From The Devil Wears Prada to Mary Poppins Returns, Emily Blunt has solidified herself as one of this generation's most sought after actresses — and in a way, she has her stutter to thank for her booming career.
On Monday, July 11, the mom-of-two hosted a gala for the American Institute for Stuttering, where she revealed how during her school days, embodying a character helped curb the speech impediment.
"I wouldn't say that's why I've ventured into acting, but it was just a bit shocking the first time I was able to speak, you know, doing a silly voice or an accent pretending to be someone else," the 39-year-old British star shared with PEOPLE. "People don't talk about [it] enough if it hasn't got enough exposure, and millions of people around the world struggle with it."
"And I think it's a very moving force," insisted the mom-of-two. "If you can't express yourself, you can't be yourself. And there's something very poignant in freeing people of the grip of a speech impediment, because it's like a sort of imposter that lives in your body."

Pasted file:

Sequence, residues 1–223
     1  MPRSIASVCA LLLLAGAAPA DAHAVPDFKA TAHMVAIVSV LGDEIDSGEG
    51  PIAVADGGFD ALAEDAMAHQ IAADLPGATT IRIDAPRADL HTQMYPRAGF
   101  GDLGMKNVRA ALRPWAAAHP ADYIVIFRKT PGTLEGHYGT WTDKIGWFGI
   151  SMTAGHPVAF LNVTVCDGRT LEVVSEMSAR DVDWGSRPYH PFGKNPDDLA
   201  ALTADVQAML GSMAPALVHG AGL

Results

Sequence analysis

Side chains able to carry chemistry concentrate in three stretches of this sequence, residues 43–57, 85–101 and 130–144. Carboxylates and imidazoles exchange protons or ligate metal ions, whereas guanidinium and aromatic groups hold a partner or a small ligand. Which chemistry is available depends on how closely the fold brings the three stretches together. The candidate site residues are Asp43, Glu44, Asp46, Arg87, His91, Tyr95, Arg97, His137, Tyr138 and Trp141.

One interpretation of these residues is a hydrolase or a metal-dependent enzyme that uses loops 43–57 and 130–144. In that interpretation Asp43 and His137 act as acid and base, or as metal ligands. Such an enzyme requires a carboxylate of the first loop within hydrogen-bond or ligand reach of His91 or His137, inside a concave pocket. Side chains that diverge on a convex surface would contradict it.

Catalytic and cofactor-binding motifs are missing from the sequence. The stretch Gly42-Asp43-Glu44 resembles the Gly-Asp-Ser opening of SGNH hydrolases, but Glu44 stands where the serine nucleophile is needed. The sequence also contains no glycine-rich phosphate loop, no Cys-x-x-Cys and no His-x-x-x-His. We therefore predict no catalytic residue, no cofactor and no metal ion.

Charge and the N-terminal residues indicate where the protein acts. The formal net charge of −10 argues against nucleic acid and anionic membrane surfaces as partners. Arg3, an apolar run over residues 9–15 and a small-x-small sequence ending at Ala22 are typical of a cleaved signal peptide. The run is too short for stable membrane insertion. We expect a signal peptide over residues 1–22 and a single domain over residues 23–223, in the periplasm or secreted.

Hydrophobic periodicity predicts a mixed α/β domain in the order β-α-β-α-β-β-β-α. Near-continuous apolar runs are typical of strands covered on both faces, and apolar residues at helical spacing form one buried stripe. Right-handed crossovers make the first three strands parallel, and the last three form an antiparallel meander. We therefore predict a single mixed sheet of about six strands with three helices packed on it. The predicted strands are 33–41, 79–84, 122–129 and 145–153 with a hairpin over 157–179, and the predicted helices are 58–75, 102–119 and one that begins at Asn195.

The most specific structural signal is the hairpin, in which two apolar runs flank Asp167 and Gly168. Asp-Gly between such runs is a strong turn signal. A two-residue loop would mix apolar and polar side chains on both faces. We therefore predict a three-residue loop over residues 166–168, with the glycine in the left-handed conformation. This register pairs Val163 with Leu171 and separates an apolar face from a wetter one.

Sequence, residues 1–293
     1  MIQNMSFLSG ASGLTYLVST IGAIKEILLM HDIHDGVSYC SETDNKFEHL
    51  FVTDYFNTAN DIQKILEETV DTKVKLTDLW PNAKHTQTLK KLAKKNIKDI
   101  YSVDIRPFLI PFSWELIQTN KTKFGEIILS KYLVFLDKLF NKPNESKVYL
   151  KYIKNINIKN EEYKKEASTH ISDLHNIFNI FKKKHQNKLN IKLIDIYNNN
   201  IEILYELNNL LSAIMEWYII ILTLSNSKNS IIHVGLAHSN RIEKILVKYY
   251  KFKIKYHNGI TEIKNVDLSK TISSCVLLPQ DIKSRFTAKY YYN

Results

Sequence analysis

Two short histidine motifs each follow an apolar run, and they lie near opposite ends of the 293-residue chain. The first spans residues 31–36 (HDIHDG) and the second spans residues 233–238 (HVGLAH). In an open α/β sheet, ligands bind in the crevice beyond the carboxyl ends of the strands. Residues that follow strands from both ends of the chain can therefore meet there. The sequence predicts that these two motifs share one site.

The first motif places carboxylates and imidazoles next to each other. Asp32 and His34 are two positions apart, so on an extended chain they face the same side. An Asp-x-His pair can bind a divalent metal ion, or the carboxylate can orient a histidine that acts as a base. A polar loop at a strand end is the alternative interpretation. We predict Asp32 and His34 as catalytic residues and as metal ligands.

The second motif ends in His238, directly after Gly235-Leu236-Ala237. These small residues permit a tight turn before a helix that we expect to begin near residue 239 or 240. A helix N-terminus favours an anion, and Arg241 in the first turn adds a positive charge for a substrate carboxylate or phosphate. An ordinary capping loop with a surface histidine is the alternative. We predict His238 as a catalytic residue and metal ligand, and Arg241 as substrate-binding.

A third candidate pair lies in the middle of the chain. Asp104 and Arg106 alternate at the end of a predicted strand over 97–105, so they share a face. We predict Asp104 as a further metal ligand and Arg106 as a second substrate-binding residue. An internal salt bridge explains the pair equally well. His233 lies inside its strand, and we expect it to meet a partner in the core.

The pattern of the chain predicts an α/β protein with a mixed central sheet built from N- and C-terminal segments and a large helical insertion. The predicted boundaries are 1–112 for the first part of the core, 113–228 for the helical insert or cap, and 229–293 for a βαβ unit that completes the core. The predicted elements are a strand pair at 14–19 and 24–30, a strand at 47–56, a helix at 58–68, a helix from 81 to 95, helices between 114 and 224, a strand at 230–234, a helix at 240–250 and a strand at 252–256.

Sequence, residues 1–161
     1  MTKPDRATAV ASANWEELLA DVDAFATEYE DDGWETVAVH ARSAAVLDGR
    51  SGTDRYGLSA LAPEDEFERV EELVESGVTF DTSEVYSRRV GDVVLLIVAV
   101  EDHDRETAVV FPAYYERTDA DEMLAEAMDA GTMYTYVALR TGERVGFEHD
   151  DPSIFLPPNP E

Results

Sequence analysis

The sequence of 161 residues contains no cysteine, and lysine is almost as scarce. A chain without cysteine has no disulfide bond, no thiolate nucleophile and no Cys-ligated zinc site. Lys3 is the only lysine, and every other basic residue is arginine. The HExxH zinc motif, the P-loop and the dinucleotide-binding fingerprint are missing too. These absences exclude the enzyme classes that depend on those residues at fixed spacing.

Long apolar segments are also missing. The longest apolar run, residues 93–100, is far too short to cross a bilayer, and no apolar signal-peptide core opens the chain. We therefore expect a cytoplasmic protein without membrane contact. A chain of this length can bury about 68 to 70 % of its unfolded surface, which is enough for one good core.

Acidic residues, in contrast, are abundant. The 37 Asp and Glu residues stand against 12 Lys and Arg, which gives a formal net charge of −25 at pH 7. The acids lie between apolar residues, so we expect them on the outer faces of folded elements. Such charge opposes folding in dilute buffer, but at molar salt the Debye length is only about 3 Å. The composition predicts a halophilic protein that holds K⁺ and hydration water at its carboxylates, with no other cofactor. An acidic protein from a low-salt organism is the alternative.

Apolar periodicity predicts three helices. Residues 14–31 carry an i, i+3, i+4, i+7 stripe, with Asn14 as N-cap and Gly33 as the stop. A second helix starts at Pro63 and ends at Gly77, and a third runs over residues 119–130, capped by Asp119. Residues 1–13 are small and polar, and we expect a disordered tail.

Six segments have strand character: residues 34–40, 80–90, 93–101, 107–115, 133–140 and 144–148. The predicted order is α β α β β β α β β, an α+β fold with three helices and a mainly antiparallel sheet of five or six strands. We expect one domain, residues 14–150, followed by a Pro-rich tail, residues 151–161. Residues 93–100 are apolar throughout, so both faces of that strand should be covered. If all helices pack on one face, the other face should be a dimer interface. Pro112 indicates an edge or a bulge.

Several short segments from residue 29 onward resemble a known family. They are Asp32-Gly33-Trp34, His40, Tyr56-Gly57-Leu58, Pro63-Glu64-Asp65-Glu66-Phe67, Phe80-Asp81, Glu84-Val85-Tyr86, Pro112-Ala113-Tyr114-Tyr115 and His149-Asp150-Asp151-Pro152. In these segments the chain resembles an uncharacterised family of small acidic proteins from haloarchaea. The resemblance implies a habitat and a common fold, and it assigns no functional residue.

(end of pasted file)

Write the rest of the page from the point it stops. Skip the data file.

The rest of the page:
Blunt stated it's "important" for her to shed more light onto the speech disability since it's not something people "know much about."
Blunt doesn't know exactly what caused her to develop the stutter, but she noted it's "biological and it's often hereditary and it's not your fault."
Added the Golden Globe winner, "And I think it's very often a disability that people bully and make fun of. So I think, to raise awareness about what it's really about, and that there's this soft place for you to land in this amazing organization."
The Jungle Cruise star's problem began when she was around 6 or 7. "I was a smart kid, and had a lot to say, but I just couldn't say it," she recalled in an old interview with W magazine. "It would just haunt me."
"My parents took me to speech coaches and relaxation coaches. It didn't work," she shared. "Then one of my teachers at school had a brilliant idea and said, 'Why don't you speak in an accent in our school play?' I distanced myself from me through this character, and it was so freeing that my stuttering stopped when I was onstage. It was really a miracle."